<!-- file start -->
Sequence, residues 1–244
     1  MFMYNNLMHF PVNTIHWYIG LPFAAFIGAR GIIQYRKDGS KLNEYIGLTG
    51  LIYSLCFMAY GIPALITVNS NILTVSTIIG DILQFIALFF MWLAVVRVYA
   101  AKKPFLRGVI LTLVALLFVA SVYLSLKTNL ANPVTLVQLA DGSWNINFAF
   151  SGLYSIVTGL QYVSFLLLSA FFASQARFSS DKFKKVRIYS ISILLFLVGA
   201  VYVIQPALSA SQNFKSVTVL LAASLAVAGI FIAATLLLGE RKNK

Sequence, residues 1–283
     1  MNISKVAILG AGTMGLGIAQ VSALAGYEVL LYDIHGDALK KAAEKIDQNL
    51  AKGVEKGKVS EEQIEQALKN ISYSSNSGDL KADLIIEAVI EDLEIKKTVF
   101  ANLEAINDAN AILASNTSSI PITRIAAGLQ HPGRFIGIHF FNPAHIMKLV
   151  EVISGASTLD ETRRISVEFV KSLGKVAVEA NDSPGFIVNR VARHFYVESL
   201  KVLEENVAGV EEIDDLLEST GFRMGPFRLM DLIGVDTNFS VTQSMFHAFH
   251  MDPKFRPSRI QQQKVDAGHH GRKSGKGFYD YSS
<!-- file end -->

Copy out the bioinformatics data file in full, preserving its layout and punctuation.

Sequence, residues 1–244
     1  MFMYNNLMHF PVNTIHWYIG LPFAAFIGAR GIIQYRKDGS KLNEYIGLTG
    51  LIYSLCFMAY GIPALITVNS NILTVSTIIG DILQFIALFF MWLAVVRVYA
   101  AKKPFLRGVI LTLVALLFVA SVYLSLKTNL ANPVTLVQLA DGSWNINFAF
   151  SGLYSIVTGL QYVSFLLLSA FFASQARFSS DKFKKVRIYS ISILLFLVGA
   201  VYVIQPALSA SQNFKSVTVL LAASLAVAGI FIAATLLLGE RKNK

Sequence, residues 1–283
     1  MNISKVAILG AGTMGLGIAQ VSALAGYEVL LYDIHGDALK KAAEKIDQNL
    51  AKGVEKGKVS EEQIEQALKN ISYSSNSGDL KADLIIEAVI EDLEIKKTVF
   101  ANLEAINDAN AILASNTSSI PITRIAAGLQ HPGRFIGIHF FNPAHIMKLV
   151  EVISGASTLD ETRRISVEFV KSLGKVAVEA NDSPGFIVNR VARHFYVESL
   201  KVLEENVAGV EEIDDLLEST GFRMGPFRLM DLIGVDTNFS VTQSMFHAFH
   251  MDPKFRPSRI QQQKVDAGHH GRKSGKGFYD YSS